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A breathalyzer for the coronavirus gives instant results, but don’t expect a widespread rollout

July 23, 2020, 2:53 PM UTC

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A French hospital has become the latest organization to announce promising developments in rapid COVID-19 testing—but don’t expect a speedy rollout of the technology it’s testing.

The Hospital La Croix-Rousse in Lyon is testing a machine in which patients breathe into a tube and get their coronavirus results within seconds. The trial has already been running for three months, and the hospital hopes to have the machine fully in use by the end of the year.

“It’s the same principle as a classic breathalyzer test,” Christian George, research chief at the hospital’s National Center of Scientific Research, told Reuters. “The machine will register the molecules in the exhaled air and then detects the traces of the sickness.”

However, the machine in question is not quite like your standard handheld breathalyzer.

For a start, the Vocus PTR-TOF—a cutting-edge mass spectrometer produced by Switzerland’s Tofwerk—weighs around 350 pounds and costs $460,000.

“These instruments are usually used in atmospheric science to measure clean air. That’s why they are so sensitive,” Tofwerk CEO Marc Gonin told Fortune on Thursday. Now the Vocus PTR-TOF is being tried out in a variety of other applications, ranging from the detection of oil-well emissions to the identification of fentanyl in lab samples.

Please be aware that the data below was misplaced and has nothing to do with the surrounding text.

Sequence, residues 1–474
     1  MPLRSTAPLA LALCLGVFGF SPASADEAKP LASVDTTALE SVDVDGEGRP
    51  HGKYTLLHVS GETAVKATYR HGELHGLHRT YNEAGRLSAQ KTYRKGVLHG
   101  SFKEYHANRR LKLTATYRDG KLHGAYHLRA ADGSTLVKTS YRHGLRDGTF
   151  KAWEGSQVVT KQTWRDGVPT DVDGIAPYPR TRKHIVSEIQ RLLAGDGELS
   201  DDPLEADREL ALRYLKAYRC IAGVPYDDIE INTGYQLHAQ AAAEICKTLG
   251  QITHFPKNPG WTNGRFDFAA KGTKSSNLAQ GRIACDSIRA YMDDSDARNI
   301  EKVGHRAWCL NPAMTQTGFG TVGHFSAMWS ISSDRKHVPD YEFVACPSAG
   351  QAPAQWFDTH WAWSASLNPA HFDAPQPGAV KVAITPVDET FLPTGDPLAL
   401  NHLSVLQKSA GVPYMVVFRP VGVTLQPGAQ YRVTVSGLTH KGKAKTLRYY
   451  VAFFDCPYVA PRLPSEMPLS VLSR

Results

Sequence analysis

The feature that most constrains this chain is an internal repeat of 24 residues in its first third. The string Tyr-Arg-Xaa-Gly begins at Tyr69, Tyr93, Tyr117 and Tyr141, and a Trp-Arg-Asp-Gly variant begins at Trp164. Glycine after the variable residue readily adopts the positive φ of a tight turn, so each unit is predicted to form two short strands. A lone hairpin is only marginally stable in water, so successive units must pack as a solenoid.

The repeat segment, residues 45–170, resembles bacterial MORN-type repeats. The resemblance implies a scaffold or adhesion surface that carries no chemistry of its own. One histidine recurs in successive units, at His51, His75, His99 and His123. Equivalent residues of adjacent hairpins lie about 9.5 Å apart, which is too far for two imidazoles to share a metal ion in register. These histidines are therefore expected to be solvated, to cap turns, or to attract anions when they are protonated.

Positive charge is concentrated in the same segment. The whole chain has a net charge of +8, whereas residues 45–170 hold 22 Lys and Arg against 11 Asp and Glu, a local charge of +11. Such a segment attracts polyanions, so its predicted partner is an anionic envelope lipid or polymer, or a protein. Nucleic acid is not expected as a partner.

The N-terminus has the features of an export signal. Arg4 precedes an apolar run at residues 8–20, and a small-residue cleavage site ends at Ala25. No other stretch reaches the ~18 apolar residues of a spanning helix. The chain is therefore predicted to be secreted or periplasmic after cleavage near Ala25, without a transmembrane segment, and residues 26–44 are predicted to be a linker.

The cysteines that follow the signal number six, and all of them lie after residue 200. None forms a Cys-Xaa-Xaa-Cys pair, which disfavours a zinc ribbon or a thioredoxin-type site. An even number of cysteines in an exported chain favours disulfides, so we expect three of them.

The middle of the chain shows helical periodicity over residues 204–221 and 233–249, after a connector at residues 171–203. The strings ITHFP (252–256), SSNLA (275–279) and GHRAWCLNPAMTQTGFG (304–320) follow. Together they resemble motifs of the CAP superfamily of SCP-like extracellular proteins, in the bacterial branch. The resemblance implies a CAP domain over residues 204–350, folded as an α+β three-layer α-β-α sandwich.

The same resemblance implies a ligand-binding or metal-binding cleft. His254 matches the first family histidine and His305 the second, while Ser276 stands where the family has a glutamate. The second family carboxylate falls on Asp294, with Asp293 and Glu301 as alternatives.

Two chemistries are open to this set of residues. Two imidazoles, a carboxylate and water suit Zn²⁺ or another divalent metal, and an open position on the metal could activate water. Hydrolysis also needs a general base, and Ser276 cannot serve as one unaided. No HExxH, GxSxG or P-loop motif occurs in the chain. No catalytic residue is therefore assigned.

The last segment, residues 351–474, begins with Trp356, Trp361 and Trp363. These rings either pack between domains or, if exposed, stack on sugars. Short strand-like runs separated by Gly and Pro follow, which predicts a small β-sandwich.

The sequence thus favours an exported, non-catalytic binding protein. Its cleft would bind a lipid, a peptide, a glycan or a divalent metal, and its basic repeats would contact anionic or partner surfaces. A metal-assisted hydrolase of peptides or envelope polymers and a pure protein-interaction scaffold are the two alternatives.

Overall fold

“Anything that can be sniffed by a dog can be measured with our instruments,” said Gonin. “Dogs can sniff diseases and explosives. We are trying to do this.”

According to Gonin, one aim of the trial is to see what level of sensitivity is needed to get instant COVID-19 test results. The Lyon researchers are using the most high-end version of the machine, which has the greatest sensitivity. The cheapest version of the machine weighs around 110 lbs and costs $230,000.

So could the same kind of technology be made significantly smaller and cheaper for the purposes of a widespread rollout?

“It is possible to make it smaller, but it is not possible to make it smaller [while] keeping the same performance,” said Gonin. “These instruments are extremely performant right now. There is, of course, the hope that we don’t need all this full performance, and we can switch to a smaller, more compact, and less expensive instrument. It’s very difficult to say.”

Crucially, he added, “such an instrument is only useful if you can [get results] earlier than any other method.”

The breathalyzer method is certainly quicker than the other COVID-19 testing methods in use today—whether we’re talking about the extremely unpleasant nasal-swab test that is most widely deployed or the saliva-based tests that offer less discomfort but still take hours or even days for results to be returned (though that could soon be reduced to 30 minutes).

But some researchers, such as those at Virginia Tech who have devised a new droplet-testing system involving nanotechnology and laser beams, now claim to be able to get the test-to-results time down to mere minutes.